Jews Praying In The Synagogue on the Day of Atonement by Maurycy Gottlieb (Tel Aviv Museum of Art)
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Sunday, April 24, 2016
An Amish Garden A Year in the Life of an Amish Garden[Hardcover] Laura Anne Lapp, Jeremy Hess [Photography]
"This lovely and unusual blend of personal reflections, gardening insights, and cooking suggestions will delight readers interested in nature, gardening, food, and Amish life."
An Amish Garden: A Year in the Life of an Amish Garden takes you to six working Amish gardens, from January through December.
Matchless photos show the garden asleep, the Amish women putting together their orders for seeds, the preparation of the soil, parents and children planting, the emerging plants, the lush harvest, the food being preserved.
This close-up of a world seldom seen shows how the seasons and Amish life work rhythmically together.
Laura Anne Lapp lives with her husband and three young sons in a tucked-away valley. Gardening is simply the highpoint of her year.
Step apart and enter this pastoral world of hard work, sturdy families, the freshest of flowers and produce, all in harmony with the seasons.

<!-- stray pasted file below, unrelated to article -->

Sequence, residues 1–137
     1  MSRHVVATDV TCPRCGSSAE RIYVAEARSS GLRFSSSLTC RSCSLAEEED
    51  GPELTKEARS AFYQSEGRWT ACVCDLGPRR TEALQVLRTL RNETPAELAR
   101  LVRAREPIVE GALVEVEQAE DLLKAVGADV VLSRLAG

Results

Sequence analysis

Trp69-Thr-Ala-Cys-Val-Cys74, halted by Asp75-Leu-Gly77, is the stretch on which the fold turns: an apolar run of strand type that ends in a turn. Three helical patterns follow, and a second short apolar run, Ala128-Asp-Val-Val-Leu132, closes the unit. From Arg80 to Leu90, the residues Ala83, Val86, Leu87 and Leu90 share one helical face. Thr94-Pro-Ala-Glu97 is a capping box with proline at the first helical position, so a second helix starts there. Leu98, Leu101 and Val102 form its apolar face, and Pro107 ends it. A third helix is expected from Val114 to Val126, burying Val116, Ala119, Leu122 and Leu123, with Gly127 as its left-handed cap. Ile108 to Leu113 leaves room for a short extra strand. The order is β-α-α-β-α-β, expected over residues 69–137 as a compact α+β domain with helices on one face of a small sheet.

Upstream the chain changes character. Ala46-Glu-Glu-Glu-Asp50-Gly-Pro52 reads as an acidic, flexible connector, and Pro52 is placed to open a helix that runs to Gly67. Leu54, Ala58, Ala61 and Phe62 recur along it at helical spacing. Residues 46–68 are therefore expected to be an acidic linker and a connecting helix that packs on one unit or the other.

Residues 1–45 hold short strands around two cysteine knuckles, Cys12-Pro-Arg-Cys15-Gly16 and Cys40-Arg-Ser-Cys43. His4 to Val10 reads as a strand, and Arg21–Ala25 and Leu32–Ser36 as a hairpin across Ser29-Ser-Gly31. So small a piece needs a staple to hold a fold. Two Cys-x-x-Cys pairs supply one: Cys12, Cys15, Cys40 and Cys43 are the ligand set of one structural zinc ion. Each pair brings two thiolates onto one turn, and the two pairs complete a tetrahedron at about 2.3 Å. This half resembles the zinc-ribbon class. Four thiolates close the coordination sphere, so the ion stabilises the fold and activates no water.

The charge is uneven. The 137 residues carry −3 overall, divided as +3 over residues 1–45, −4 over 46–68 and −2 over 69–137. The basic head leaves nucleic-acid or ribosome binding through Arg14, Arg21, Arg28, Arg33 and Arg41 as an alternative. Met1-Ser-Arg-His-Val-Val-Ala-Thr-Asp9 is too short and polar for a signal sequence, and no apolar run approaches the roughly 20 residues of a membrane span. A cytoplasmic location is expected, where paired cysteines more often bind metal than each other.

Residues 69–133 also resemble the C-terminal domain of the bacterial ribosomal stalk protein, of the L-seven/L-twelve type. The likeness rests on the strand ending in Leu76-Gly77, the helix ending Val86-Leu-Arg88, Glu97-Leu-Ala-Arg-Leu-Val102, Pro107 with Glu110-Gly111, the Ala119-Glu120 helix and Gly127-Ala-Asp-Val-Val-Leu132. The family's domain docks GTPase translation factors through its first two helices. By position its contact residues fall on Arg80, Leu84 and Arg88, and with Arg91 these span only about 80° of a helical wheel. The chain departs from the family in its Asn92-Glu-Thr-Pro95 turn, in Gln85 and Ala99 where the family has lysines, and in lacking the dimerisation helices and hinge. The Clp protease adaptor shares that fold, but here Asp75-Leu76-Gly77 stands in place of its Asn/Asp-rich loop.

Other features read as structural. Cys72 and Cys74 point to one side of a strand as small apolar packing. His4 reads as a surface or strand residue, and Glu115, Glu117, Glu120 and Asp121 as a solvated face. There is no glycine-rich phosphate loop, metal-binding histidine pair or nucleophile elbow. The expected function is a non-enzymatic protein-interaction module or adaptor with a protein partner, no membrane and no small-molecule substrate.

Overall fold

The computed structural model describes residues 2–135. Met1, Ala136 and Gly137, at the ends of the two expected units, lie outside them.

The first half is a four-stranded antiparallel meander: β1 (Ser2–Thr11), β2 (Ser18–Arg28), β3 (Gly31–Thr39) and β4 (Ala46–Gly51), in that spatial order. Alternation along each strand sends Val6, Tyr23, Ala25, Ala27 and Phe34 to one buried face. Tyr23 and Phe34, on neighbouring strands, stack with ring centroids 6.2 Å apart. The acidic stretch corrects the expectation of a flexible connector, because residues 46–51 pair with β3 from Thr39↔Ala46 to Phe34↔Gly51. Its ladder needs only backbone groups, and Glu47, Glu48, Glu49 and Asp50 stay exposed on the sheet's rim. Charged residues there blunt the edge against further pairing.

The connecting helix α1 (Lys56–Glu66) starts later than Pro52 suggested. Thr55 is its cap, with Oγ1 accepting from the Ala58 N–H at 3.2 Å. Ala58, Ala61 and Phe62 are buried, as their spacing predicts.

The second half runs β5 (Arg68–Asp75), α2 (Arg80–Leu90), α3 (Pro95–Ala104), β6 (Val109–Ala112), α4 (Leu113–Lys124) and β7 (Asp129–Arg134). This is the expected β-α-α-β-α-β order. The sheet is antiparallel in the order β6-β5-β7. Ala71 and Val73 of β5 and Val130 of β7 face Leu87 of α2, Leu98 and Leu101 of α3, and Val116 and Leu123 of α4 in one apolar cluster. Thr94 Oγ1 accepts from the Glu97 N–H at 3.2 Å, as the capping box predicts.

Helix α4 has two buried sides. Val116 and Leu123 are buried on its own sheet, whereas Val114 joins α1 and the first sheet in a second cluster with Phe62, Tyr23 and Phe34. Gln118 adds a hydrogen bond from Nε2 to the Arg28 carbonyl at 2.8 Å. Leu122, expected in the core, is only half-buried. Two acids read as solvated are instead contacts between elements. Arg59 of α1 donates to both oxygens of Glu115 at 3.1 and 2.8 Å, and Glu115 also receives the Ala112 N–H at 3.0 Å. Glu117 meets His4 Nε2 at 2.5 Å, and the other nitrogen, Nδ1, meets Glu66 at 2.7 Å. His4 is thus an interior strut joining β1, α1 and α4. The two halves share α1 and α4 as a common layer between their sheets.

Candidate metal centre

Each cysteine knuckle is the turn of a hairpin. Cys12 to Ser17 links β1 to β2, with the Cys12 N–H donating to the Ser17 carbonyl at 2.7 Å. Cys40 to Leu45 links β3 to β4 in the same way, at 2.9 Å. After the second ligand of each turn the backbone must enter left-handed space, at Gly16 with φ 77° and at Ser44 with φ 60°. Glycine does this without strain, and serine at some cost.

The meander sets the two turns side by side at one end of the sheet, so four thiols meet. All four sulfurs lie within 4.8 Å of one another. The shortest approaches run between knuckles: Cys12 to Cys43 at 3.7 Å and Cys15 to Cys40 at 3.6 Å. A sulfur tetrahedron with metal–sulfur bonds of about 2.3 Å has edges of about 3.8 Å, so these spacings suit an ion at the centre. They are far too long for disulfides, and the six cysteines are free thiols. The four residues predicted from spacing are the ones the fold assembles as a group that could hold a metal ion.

One of our favorite early spring treats from the garden is the first batch of mint tea. We think the earliest tea tastes the best. I'm not sure if it's because we haven't had it for so long, or because those first tender leaves are extra tasty. Regardless of the reason, we are always excited to have the first taste.
It is really quite simple to make and doesn't take long. It's a matter of going to the garden and clipping the tea. I like using the very tip of the stem with just the newest leaves, but some people throw the whole stem of leaves into the boiling water.
Barbie Mom started mixing a few different kinds of mints in one kettle of tea, and the results are wonderful. I was over at her house the other evening, and she was brewing a pot of mint tea that had a handful of lemon balm leaves tossed in. It was absolutely delicious!
1 quart water
1 large handful mint leaves
Sugar to taste
Rinse mint leaves.
Remove from heat.
Add mint leaves and cover. Let steep for 5 minutes.
Remove mint leaves and add sugar to taste, stirring until completely dissolved.